Hello and welcome (back)! Hope everyone had a good Christmas, New Year, Festivus, or any other kind of politically correct holiday we’re now celebrating. The next part of my trip I’ve vaguely dubbed “Southern Hemisphere” and the idea behind this was to do whatever possible to avoid winter. So, I’ll be spending the first two weeks of the year in Argentina and Chile before making the jump over to Australia and New Zealand, then onto Southern Africa and the Middle East. Come spring and summer will be the grand finale, so you’ll just have to stick around to see what happens there. So, onwards.
Buenos Aires is proudly bears the nickname of the “Paris of South America” and a quick look around almost any street is enough to confirm that moniker.
The aesthetic of the entire downtown is utterly Parisian, from the grandeur of the Teatro Colón opera house, to the towering Baroque ministries and office buildings, to the sprawling mansions in the embassy-laden Palermo neighborhood. But turn off onto any side street and suddenly you’re in Madrid, with small plazas crammed with tables and chairs, and dark-wood, smoky coffee houses tucked behind smeared glass windows.
Go inside any restaurant and you’re in Rome. Aside from the architecture, Italian influences have by far the strongest presence in Buenos Aires. People speak Spanish with an Italian flair and say “ciao” in lieu of “adios.” Genuine Italian restaurants—with homemade pasta, limoncello, the works—are as common as the trademark Argentinian steakhouse. The general attitude of Buenos Aires is uncannily similar to Rome, lively but lugubrious. For a country whose recent heritage is so intertwined with Spain, the Italians have left the strongest mark.
The most unexpected part of Buenos Aires was how familiar it felt. Everyone raves about the city and for good reason, but I was pretty blown away by its modernity. For me, one of the key markers of a wholly developed, 21st century city is urban renewal (whatever you think of that concept). Neighborhoods that have flourished, fallen into disrepair, and experienced a revival (perhaps multiple times) are, to me, the ultimate indicator of a city with resources and a progressively minded population, with enough money to worry about things like gentrification and artistic renewal and historical preservation.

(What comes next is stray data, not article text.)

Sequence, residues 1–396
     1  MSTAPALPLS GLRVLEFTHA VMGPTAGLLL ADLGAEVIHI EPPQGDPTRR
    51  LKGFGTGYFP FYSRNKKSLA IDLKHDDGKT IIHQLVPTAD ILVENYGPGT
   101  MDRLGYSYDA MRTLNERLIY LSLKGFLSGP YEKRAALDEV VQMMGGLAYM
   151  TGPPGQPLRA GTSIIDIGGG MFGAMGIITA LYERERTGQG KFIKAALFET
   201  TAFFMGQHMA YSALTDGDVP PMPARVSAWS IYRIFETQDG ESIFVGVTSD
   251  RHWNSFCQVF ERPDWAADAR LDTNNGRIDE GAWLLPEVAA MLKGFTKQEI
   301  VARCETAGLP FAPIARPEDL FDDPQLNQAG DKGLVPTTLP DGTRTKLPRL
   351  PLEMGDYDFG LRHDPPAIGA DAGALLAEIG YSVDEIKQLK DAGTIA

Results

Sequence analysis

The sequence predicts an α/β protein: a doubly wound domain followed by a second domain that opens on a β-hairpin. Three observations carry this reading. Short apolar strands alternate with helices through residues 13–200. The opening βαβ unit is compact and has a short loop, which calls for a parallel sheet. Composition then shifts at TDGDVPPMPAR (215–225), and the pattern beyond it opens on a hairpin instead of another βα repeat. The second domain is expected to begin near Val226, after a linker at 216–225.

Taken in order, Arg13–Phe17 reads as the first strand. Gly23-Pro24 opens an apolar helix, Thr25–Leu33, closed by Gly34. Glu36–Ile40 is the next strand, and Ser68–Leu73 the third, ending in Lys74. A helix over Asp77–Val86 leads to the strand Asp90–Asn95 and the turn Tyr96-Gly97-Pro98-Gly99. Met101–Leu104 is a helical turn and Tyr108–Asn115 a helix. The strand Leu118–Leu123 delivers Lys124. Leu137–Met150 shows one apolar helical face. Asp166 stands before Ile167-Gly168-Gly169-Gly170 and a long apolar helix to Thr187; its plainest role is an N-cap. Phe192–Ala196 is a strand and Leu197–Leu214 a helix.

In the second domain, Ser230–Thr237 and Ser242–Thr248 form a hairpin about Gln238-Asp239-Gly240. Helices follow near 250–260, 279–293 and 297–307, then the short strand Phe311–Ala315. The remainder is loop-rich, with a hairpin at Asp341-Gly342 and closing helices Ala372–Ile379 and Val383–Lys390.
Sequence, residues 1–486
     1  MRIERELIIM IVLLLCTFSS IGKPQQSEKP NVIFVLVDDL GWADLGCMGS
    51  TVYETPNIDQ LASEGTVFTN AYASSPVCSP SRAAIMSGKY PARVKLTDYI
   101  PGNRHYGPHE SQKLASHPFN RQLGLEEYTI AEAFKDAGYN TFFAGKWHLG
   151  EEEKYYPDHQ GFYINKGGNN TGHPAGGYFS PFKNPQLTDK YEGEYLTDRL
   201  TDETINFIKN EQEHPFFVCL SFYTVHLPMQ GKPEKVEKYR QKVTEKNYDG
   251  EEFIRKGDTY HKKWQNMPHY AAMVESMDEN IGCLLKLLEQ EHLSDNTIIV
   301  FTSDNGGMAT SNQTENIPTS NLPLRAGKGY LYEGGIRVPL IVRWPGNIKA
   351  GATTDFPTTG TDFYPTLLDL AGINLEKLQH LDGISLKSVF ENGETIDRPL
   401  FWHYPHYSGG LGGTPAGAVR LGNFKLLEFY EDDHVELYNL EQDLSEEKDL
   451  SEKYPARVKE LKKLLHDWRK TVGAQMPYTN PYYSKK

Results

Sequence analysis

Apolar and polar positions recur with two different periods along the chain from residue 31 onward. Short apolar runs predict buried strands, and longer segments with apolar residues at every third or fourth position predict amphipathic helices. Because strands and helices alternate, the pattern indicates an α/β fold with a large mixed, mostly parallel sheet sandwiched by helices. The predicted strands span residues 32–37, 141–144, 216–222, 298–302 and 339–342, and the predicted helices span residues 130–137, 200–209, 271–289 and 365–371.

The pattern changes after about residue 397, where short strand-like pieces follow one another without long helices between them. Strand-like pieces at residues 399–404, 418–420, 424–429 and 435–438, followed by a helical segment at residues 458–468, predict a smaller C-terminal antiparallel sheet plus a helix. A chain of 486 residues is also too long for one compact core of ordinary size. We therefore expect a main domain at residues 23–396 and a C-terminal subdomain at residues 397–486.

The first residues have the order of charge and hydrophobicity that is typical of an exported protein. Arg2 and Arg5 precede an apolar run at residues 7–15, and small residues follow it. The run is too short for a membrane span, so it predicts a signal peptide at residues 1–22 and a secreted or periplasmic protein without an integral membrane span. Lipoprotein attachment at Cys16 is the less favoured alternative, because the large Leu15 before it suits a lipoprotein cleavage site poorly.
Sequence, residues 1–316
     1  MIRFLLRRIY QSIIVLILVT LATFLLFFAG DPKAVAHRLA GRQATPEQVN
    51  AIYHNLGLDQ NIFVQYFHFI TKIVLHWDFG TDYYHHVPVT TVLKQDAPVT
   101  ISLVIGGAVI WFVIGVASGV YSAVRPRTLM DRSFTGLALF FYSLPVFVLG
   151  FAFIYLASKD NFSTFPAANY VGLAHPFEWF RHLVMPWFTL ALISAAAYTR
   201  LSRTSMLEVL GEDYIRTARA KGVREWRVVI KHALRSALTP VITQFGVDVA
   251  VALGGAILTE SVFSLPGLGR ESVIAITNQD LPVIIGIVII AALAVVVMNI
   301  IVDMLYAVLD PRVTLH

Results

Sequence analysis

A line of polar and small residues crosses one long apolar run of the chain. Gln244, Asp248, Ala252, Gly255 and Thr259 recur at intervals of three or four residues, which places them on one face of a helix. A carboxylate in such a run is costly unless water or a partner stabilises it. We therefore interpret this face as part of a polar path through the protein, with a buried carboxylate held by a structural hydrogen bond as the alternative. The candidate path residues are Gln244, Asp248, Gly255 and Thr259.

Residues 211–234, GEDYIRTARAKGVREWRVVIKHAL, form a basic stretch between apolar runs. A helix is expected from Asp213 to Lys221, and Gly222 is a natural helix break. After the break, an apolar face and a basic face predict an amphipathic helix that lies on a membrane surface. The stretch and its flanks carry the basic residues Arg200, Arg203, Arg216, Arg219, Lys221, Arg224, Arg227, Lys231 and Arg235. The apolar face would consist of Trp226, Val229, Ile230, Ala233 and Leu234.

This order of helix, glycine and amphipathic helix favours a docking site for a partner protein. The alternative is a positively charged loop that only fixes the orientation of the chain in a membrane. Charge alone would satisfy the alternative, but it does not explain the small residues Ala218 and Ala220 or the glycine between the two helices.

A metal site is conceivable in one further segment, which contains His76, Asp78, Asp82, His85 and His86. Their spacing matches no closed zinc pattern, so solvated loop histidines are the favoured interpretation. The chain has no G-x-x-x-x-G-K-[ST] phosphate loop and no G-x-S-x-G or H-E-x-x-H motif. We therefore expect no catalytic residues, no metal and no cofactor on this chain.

For a country with its fair share of challenges, you have to work hard in Buenos Aires to find a neighborhood that feels in any way rundown and with the exception of the token upscale, slightly stuffy neighborhoods, the city has a general effortlessness. It’s easy to navigate, prices seem reasonable, and it’s energetic without feeling frenetic. My only disclaimer is that right now is the middle of the summer, so I’ve likely not seen an accurate representation of the city, like going to New York City on the Fourth of July and remarking on how quiet it is. Most importantly though, Buenos Aires isn’t trying to be anyone’s idea of a cool city; it just is.
The governmental center of the city is Plaza de Mayo, where you’ll find the Pink House (the White House equivalent) and most of the country’s ministries. As far as Latin America goes, Argentina has its shit together more than most, but corruption is still rampant, as seen in the protests outside the Pink House. Some of these demonstrations are legit—a group of Falklands War veterans or a women’s organization looking for children kidnapped during the Dirty War, a period of state terrorism in the 1970s—but most of the groups are people bused in from shanty towns on the outskirts of the city paid by politicians to make noise about something, often an issue that isn’t really relevant to them. This would be the equivalent of a senator from Arizona driving up to a poor neighborhood in Vermont and paying a bunch of people to come down to Washington and protest immigration reform. Not that our own government is without its “eccentricities,” and any Chicago resident understands this better than anyone, but corruption at the federal level appears to be something that most Argentinians accept with an exasperated shrug.
On one side of the plaza is the Catedral Metropolitana de Buenos Aires. Jose de San Martin, noted liberator of much of South America, is buried here and this is the church Pope Francis presided over prior to his papacy. Argentina may be a very Catholic country (it’s the state religion) and the home country of the current pope, but religion hardly dominates Buenos Aires. There is only one god in Argentina: Maradona.